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In 2012 she compiled her columns into a book, A Thesaurus of Women: From Cherry Blossoms to Cell Phones, which I purchased right away. It is full of interesting discoveries and inventions we recognize but didn’t know originated with a pioneer woman. Her chapters make for great evening reading and inspire me daily.

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In 2007, Barbara produced a booklet to celebrate the first annual Jane Addams Day in Illinois. It honors Addams, the women of Hull House and their social reforms of the Industrial era, which govern still today.

Barbara will inform the Network of Entrepreneurial Women of ladies we can emulate, which I am sure will spark a fantastic discussion of inspiration, celebration, and gratitude.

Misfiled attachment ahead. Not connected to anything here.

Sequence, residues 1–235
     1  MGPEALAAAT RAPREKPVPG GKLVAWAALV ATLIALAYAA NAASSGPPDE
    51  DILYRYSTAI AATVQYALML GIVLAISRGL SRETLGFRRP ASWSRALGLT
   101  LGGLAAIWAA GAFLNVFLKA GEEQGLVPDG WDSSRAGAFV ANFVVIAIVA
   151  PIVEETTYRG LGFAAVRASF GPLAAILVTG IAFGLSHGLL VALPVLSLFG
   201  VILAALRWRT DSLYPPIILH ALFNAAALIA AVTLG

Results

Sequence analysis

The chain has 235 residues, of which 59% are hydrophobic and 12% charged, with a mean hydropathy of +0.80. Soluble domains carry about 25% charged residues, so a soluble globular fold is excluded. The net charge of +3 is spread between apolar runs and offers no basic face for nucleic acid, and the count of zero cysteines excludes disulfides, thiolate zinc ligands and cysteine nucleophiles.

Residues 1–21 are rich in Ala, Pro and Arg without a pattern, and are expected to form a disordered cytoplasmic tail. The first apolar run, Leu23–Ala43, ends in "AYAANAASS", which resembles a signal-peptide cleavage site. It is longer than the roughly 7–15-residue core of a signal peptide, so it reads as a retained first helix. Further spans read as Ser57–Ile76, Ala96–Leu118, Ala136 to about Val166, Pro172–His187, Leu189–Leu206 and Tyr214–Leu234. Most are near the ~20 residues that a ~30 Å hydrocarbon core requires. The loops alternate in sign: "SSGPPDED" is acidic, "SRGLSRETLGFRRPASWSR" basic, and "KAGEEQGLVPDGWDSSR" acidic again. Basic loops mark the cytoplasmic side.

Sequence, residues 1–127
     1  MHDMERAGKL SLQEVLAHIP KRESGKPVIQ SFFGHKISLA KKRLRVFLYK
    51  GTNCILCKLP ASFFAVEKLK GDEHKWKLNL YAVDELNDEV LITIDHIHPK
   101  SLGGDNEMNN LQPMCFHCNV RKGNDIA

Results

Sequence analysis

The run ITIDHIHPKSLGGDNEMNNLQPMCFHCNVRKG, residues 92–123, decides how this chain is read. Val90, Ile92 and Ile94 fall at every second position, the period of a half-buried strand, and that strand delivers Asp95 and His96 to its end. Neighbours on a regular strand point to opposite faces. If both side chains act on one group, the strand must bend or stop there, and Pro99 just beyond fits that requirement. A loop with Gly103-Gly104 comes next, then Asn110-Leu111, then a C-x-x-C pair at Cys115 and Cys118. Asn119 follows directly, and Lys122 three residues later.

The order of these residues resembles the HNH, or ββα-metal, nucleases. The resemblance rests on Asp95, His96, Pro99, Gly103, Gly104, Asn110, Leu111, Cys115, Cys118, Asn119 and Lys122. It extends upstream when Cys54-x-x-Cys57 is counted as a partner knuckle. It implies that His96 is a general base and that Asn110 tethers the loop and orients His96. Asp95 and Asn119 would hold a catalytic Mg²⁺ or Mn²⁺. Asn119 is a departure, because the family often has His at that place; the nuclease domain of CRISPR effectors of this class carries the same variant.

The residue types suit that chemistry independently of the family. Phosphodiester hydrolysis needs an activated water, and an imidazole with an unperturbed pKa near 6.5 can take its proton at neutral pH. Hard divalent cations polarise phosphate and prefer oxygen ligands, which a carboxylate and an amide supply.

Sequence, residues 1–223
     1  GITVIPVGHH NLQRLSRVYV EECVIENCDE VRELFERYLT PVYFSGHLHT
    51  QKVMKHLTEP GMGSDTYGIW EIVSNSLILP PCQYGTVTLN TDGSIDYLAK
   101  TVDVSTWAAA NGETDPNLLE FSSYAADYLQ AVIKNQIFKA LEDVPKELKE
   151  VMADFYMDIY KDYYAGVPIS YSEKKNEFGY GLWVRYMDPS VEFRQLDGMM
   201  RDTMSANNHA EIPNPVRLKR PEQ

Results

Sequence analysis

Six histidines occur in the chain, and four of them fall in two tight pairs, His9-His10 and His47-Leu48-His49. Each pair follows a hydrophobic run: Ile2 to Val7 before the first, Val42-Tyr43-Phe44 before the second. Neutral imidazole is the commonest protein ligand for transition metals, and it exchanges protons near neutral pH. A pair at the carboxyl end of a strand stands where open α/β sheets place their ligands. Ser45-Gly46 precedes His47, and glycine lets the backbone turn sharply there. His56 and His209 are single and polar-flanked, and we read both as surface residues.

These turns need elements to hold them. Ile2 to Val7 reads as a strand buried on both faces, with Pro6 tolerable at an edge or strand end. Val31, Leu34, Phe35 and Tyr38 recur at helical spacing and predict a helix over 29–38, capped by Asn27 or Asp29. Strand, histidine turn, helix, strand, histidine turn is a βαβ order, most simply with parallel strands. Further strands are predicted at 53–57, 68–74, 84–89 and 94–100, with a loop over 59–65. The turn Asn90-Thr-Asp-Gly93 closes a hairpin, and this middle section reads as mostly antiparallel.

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We will meet on Wednesday, March 12 from 2 to 4 p.m. at Town House Books on 105 North 2nd Avenue in St. Charles. Town House Books is an independent bookstore for all ages located in historic Century Corners in downtown St. Charles, Illinois. The store opened its doors in 1974 and also houses the Town House Café, featuring a menu of fresh-from-scratch soups and creative sandwiches.

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Learn more about inspiring women, network with fellow trailblazers and browse the store for inspiration and celebration. RSVP on Meetup or on Facebook. Can’t make the afternoon event? Maybe we’ll see you at Shannon’s Irish Pub on March 27 instead.

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All photos courtesy NetworkHoncho.com